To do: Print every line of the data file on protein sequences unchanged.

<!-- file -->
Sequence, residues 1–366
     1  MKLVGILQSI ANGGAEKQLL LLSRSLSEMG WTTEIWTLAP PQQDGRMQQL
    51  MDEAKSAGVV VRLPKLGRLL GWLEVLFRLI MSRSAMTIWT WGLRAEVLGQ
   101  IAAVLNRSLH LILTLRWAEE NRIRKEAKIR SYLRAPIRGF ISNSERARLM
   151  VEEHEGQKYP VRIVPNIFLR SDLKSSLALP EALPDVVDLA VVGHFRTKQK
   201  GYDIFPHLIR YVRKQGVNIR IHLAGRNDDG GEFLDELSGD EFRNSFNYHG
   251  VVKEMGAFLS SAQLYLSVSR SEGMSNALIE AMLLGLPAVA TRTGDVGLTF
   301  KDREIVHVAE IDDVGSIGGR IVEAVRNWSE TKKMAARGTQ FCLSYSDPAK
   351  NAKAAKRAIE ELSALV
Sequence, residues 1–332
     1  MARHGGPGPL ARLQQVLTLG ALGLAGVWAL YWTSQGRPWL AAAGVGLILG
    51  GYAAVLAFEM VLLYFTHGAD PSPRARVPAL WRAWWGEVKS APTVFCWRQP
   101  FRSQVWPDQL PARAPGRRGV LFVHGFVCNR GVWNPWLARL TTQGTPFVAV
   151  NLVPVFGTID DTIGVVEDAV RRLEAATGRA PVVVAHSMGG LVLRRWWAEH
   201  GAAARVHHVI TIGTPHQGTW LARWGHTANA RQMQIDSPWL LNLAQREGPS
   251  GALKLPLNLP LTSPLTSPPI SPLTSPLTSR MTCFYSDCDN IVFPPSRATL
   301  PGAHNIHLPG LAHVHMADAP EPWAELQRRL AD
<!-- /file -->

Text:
Sequence, residues 1–366
     1  MKLVGILQSI ANGGAEKQLL LLSRSLSEMG WTTEIWTLAP PQQDGRMQQL
    51  MDEAKSAGVV VRLPKLGRLL GWLEVLFRLI MSRSAMTIWT WGLRAEVLGQ
   101  IAAVLNRSLH LILTLRWAEE NRIRKEAKIR SYLRAPIRGF ISNSERARLM
   151  VEEHEGQKYP VRIVPNIFLR SDLKSSLALP EALPDVVDLA VVGHFRTKQK
   201  GYDIFPHLIR YVRKQGVNIR IHLAGRNDDG GEFLDELSGD EFRNSFNYHG
   251  VVKEMGAFLS SAQLYLSVSR SEGMSNALIE AMLLGLPAVA TRTGDVGLTF
   301  KDREIVHVAE IDDVGSIGGR IVEAVRNWSE TKKMAARGTQ FCLSYSDPAK
   351  NAKAAKRAIE ELSALV
Sequence, residues 1–332
     1  MARHGGPGPL ARLQQVLTLG ALGLAGVWAL YWTSQGRPWL AAAGVGLILG
    51  GYAAVLAFEM VLLYFTHGAD PSPRARVPAL WRAWWGEVKS APTVFCWRQP
   101  FRSQVWPDQL PARAPGRRGV LFVHGFVCNR GVWNPWLARL TTQGTPFVAV
   151  NLVPVFGTID DTIGVVEDAV RRLEAATGRA PVVVAHSMGG LVLRRWWAEH
   201  GAAARVHHVI TIGTPHQGTW LARWGHTANA RQMQIDSPWL LNLAQREGPS
   251  GALKLPLNLP LTSPLTSPPI SPLTSPLTSR MTCFYSDCDN IVFPPSRATL
   301  PGAHNIHLPG LAHVHMADAP EPWAELQRRL AD